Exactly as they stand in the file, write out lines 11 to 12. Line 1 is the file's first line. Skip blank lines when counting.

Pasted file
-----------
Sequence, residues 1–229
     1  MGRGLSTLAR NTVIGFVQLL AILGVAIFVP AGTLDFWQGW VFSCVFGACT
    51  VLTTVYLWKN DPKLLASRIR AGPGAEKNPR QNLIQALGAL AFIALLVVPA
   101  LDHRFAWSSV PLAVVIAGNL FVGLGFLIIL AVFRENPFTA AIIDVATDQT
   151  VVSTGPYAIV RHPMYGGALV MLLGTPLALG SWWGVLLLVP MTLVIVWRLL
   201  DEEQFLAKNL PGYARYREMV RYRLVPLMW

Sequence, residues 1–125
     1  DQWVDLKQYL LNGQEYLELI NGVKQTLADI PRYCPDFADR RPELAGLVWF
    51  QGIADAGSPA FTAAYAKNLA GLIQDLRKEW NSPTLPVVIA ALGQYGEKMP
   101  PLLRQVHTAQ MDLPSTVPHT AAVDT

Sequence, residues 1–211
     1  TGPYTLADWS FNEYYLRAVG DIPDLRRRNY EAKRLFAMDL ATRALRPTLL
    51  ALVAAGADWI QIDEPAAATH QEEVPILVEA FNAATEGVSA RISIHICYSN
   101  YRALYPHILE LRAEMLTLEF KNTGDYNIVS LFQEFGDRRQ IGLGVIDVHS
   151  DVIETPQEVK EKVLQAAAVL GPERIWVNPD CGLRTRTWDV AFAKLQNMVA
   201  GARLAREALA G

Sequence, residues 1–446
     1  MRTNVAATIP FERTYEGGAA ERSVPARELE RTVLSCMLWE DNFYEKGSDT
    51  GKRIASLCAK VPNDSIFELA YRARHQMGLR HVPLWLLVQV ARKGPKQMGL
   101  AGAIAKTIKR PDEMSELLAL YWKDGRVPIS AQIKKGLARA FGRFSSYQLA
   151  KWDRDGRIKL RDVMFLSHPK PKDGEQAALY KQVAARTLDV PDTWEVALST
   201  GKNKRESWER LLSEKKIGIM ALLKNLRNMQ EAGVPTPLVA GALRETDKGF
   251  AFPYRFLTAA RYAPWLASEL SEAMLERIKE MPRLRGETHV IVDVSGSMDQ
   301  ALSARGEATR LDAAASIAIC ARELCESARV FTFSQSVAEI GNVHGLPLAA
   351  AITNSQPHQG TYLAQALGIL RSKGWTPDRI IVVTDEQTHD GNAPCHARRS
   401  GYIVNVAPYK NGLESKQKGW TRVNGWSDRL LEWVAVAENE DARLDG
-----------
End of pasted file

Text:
Sequence, residues 1–211
     1  TGPYTLADWS FNEYYLRAVG DIPDLRRRNY EAKRLFAMDL ATRALRPTLL